This was a webinar organised by Serhat Narsap as part of the WSET Diploma exam on business coursework, the subject in this case being “Natural Wine”.
Around 30 students from around the world tuned in. Big fist-bump to the guy who got up at 5.00 am in Hawaii! The students submitted their questions before the webinar.
The Q & A was eventually divided into three broad sections: Style; Marketing & Business; Past, Present & Future.
Due to time constraints my answers were necessarily less exhaustive than below!
How do you define natural wines?
Wines made with grapes that come from organically/biodynamically farmed vineyards, are carefully harvested by hand, and fermented with their own yeasts and the transformation process subsequently achieved without chemical intervention and nothing added until bottling – other than minimal sulphur (or no sulphur if not needed). It’s admittedly broad definition and one that does not address the nature or the spirit of what it means to be really natural.
Do you see the term Natural Wine as the way wine is produced, or is it more of a conviction and statement? (for example, many producers who work “naturally” and sometimes follows organic and biodynamic methods wouldn’t use the term natural wine, even if they could).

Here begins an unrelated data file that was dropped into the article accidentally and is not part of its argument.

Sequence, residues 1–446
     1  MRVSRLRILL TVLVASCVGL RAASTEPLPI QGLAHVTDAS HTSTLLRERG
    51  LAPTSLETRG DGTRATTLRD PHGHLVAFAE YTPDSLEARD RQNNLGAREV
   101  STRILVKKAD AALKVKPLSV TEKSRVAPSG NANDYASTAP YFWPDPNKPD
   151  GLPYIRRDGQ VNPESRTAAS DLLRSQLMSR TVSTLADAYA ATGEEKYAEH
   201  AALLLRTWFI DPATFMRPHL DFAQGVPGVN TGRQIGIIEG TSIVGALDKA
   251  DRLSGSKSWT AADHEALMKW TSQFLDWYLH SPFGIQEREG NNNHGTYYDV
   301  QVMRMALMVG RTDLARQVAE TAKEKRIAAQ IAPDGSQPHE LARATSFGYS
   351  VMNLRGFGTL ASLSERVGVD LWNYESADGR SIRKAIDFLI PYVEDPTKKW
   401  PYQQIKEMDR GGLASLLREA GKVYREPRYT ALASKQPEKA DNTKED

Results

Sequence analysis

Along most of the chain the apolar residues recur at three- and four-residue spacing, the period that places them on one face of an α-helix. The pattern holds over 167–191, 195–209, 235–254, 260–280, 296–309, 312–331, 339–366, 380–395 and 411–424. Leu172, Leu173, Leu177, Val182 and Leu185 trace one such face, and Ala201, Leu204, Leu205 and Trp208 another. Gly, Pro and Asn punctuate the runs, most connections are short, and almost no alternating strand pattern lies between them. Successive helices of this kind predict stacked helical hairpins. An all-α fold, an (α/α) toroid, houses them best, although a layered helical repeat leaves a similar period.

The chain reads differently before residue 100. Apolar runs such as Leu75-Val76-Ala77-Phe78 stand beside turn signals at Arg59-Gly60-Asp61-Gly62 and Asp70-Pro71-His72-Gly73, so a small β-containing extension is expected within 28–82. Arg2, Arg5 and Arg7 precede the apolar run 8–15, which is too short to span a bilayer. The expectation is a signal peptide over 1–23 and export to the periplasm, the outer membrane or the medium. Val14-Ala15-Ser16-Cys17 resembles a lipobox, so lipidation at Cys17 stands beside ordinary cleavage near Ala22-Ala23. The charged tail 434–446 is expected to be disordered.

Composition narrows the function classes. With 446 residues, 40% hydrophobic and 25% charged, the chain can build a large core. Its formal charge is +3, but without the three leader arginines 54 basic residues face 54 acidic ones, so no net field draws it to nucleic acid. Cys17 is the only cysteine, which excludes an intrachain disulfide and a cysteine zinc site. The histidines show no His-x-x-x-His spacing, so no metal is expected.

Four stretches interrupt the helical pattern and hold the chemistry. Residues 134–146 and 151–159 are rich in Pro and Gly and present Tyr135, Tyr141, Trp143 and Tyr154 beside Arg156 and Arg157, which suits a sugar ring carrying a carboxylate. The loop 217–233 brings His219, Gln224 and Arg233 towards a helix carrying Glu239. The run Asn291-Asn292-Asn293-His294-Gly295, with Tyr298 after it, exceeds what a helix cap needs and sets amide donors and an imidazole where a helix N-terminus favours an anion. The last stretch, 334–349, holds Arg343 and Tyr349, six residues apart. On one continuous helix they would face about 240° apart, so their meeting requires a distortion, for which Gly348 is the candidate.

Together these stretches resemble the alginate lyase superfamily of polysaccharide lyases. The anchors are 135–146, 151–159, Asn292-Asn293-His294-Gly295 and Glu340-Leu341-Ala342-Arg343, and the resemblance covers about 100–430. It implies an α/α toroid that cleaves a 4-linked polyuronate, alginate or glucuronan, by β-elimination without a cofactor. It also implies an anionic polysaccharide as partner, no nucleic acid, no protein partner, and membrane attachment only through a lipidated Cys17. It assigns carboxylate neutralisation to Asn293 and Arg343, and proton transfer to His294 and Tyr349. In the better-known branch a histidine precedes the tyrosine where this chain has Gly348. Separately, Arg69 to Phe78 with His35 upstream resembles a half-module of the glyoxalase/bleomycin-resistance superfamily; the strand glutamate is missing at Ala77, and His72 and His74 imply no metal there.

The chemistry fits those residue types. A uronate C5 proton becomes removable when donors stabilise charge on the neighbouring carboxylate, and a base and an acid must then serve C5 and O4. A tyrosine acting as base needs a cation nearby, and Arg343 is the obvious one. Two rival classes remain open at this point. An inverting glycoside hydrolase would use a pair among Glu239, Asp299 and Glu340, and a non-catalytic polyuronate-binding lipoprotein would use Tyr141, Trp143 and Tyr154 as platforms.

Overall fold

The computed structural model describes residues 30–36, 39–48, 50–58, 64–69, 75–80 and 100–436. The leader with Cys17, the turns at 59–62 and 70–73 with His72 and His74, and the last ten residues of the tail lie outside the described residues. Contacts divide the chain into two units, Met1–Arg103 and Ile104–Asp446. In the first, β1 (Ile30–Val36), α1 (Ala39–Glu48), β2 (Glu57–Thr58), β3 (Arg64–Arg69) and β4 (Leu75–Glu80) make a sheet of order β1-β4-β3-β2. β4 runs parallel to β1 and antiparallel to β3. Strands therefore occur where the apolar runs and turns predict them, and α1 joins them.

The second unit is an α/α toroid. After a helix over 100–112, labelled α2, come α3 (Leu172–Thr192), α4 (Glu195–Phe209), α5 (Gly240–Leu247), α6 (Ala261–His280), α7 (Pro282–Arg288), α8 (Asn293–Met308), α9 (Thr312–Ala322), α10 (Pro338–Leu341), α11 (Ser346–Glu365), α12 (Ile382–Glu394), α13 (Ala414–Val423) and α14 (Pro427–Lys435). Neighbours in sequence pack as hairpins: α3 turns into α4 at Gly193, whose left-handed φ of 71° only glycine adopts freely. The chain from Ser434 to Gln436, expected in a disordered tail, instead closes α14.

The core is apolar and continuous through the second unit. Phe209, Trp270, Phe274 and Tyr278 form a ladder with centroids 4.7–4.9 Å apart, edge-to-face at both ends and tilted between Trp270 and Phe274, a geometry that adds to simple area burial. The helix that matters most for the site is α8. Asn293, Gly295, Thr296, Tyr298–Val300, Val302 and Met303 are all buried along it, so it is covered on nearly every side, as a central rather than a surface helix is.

It is both an intuitive approach to farming and winemaking and the result of that approach. I don’t believe that vignerons necessarily set out to make something called a “natural wine”, but they feel the truest results of their craft are when they make wines as naturally as possibly. I am sure that some growers wear the natural badge with pride, but not because they want to be part of a movement or fit into a scene.
Sulphur – friend or foe?
Both. Sulphur is a natural product, a primary element, used in the vineyard. In winemaking it is invariably used and sometimes abused. It is a necessary tool in as its use helps prevent bacterial problems – mousiness, VA. Sometimes abused in that its overuse contributes to the denaturing of a wine and moreover the taste and sensation of sulphur is easily detectable on the palate. To make a wine without any sulphur whatsoever is a challenge. One needs healthy undamaged grapes and great vigilance. That great wine can be made without sulphur has been proven time and again.
Do you believe hard-core, dogmatic natural winemakers who believe a wine isn’t natural unless it’s made without SO2, are hurting the category and pushing out winemakers who follow all the natural wine standards except the use of a small amount of SO2 at bottling?